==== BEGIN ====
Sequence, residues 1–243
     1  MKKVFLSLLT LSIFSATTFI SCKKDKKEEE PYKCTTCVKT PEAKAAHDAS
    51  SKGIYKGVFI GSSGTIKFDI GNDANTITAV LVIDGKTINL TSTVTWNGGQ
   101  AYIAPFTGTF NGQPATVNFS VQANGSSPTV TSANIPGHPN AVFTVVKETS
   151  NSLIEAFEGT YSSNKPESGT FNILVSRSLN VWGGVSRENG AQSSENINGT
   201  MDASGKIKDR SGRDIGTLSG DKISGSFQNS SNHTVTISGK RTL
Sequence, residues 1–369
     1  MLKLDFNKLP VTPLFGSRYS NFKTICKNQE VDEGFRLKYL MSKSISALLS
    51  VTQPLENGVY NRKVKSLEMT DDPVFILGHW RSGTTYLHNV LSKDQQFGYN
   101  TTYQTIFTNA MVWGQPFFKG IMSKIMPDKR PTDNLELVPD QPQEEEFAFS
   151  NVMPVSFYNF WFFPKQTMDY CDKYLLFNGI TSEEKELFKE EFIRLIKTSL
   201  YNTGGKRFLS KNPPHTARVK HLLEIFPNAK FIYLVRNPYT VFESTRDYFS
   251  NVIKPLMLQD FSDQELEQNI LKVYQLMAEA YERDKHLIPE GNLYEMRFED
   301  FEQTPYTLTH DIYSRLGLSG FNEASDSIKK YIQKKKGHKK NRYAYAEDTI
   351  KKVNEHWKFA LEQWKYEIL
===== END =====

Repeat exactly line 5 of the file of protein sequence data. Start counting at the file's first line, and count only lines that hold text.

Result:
   151  NSLIEAFEGT YSSNKPESGT FNILVSRSLN VWGGVSRENG AQSSENINGT